This is Mansi Yogi from India.I was born with Congenital Hip Dislocation in left hip. Luckily, I am not suffering much pain due to this. Living quite a normal life with certain precautions to take care of. But, I have to wear elevated wedged shoes to stabilize my both leg’s length. I would like to know whether your surgery went successful, so that I also can think about it.

  11. Suzanne says:

    What a wonderful site. I think I have you all beat in age. I am soon to be sixty born in 1959. I have an interesting story to share as it was told to me. My parents were stationed in Germany and I was born there. My mother noticed that when she changed my diapers I didn’t kick my legs. I was the third child so she was an experienced Mom. The Canadian doctor on base told her there was nothing wrong and it was all in her head. A young officer who was also a translator took my mother aside and offered to take me to a German Dr off base. At this time in history I don’t think medical knowledge was shared internationally as it is now. At 6 months of age I was put into a body cast which apparently allowed blood flow to the femur head. (so I was told). After that braces for about a year.
    I ran and jumped and played like any normal child. I used to have to go to Toronto Sick Kids hospital every year for an examination. I was told at one time that I was one of the first Canadian children cured of this affliction. My mother, grandmother and great grandmother all had congenital hip dysplasia.
    Now comes the familiar thread I see in all of the stories posted here. At about 50 I started limping with over exertion or long distance walking. Now I have been diagnosed with “Chronic bursitis”. The Dr. is wonderful but seemed to dismiss my history and says they are not related. I beg to differ. I demanded a full MRI of the hip. Get this. I have also recently had 2 small basil cell skin cancer spots removed and the Doctor in Nuclear Medicine says. “That qualifies you for a TOTAL CT bone scan. Who knew this was policy in Canada? I bet many don’t.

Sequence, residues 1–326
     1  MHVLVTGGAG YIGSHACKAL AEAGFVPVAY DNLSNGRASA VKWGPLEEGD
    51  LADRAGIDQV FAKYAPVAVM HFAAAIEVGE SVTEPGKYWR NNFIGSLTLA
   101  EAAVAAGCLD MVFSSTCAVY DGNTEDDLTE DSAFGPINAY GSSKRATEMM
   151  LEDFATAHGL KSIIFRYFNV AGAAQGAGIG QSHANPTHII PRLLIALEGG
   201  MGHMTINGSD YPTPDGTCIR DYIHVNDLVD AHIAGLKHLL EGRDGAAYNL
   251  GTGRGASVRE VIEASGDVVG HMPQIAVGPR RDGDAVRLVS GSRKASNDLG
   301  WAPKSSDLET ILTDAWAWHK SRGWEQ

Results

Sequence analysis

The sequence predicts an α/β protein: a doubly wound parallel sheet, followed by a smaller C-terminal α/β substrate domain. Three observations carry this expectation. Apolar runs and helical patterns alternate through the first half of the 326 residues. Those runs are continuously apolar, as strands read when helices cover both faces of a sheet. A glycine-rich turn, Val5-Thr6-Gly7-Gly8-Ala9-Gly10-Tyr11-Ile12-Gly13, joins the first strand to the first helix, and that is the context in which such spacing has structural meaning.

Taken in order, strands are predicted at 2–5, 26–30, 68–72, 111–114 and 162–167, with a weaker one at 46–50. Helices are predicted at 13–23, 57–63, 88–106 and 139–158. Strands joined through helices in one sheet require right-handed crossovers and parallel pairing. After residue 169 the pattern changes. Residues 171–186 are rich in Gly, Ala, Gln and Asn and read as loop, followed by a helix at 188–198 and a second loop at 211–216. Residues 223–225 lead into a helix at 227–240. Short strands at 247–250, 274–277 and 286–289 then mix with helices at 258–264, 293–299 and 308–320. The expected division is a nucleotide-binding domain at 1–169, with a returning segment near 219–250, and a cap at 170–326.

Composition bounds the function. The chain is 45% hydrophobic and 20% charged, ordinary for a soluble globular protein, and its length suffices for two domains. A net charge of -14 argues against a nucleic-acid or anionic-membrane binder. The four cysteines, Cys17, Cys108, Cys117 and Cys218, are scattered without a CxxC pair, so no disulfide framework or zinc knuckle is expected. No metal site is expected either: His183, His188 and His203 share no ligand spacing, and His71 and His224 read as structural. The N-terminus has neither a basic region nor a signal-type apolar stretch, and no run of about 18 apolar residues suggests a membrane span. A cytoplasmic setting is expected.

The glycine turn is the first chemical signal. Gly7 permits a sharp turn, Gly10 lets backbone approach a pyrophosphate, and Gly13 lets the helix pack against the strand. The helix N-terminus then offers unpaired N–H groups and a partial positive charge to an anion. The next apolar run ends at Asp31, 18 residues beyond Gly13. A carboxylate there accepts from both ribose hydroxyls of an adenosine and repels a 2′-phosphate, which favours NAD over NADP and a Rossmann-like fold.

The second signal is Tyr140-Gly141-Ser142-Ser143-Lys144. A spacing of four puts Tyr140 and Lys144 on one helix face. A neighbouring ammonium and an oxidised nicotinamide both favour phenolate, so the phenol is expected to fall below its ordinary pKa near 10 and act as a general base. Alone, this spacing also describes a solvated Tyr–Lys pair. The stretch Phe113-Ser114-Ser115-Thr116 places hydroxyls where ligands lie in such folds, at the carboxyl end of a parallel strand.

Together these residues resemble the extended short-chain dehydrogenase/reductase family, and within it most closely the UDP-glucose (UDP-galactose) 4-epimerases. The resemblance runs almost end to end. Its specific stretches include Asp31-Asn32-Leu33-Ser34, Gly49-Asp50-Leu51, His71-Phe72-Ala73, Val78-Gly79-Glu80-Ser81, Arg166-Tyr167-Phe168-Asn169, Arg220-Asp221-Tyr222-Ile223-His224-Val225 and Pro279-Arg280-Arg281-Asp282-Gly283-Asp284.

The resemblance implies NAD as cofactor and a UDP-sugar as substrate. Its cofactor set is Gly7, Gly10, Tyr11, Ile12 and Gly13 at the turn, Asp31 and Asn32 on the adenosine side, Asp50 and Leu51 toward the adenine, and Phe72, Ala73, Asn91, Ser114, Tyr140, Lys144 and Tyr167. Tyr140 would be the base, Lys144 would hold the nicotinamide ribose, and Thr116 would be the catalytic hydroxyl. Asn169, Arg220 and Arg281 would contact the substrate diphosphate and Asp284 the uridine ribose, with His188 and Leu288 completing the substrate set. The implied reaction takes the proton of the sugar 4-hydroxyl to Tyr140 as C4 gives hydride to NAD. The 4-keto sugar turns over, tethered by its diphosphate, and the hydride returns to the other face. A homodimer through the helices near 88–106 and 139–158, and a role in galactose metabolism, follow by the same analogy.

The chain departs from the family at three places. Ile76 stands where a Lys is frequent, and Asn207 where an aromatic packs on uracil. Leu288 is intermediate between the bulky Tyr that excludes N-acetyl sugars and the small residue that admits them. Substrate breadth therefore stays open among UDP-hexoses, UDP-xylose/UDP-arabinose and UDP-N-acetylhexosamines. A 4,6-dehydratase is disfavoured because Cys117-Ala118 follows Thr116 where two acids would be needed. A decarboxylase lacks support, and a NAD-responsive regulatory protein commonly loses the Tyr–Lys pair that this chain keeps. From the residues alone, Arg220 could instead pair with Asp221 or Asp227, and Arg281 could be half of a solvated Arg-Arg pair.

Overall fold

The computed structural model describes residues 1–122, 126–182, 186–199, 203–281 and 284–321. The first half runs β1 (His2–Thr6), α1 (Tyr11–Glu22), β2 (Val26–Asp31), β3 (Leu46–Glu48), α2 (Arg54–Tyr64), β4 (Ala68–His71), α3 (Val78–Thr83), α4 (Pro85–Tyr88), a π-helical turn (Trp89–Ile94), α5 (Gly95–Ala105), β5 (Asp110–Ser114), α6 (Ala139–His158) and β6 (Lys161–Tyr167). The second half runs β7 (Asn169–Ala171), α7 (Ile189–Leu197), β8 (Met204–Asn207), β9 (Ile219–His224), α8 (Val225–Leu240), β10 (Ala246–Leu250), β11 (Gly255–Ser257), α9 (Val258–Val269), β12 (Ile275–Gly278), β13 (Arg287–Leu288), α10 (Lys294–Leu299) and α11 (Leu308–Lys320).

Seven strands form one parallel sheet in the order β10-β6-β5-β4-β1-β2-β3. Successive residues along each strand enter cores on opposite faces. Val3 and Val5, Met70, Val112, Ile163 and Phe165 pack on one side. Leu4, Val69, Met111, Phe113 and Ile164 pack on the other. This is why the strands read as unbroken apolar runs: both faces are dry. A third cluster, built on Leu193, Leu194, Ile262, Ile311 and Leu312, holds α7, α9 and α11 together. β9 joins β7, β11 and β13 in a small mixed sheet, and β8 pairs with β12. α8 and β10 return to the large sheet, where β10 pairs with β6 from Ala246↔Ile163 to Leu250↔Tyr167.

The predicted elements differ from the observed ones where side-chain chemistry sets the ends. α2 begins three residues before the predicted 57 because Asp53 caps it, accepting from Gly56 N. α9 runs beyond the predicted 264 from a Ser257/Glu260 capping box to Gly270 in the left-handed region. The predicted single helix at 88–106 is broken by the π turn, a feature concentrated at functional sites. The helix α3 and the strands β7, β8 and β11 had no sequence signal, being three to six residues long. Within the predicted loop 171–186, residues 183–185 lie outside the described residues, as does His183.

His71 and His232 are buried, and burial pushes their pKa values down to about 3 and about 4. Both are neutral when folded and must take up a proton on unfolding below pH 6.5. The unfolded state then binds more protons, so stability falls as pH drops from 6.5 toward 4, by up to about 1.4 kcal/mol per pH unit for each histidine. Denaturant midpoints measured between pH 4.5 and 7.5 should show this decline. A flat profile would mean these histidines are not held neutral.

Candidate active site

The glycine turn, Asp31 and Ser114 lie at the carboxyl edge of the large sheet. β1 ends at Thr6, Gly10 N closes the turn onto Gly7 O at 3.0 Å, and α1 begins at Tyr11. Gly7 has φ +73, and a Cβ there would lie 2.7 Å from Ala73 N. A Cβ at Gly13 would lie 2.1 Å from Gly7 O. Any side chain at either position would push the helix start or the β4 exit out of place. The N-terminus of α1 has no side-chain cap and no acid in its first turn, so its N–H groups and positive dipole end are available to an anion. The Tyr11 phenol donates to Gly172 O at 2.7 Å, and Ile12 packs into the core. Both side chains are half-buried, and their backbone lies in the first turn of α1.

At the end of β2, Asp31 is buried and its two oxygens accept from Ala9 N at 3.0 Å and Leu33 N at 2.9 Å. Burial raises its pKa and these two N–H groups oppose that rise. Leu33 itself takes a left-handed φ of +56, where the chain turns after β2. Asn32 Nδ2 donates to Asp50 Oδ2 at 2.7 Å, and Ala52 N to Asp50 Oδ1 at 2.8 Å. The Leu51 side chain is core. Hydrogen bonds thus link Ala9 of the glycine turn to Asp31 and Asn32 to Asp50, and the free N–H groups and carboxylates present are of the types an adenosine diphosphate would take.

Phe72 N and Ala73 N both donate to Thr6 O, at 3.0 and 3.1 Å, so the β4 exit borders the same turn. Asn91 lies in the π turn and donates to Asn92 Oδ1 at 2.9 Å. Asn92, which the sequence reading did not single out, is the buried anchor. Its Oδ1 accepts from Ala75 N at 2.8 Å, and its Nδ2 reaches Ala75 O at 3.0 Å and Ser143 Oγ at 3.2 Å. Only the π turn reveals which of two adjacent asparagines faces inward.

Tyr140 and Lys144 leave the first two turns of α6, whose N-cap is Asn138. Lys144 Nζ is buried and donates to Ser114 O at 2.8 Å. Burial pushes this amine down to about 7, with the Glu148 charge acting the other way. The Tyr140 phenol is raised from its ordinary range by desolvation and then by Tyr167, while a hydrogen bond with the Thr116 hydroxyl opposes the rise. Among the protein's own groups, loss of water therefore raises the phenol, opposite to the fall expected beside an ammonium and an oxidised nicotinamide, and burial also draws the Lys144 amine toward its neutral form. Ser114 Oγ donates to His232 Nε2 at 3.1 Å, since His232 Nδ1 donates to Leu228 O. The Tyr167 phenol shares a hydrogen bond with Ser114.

Some times the pain in my hip is so bad I can’t sleep. That wrecks havoc on your over all well being.
    Results in a week. I think the disorder also affects the ligaments and soft tissue surrounding the joint. No one seems to talk about that.
    I do believe that researchers could learn a lot from my generation or our generation and the future of other born with this anomaly.
    This sight is primarily meant for parents and babies born with this and I think it could use a much more comprehensive and in-depth look at adults and their concerns and issues.
    Thanks for listening.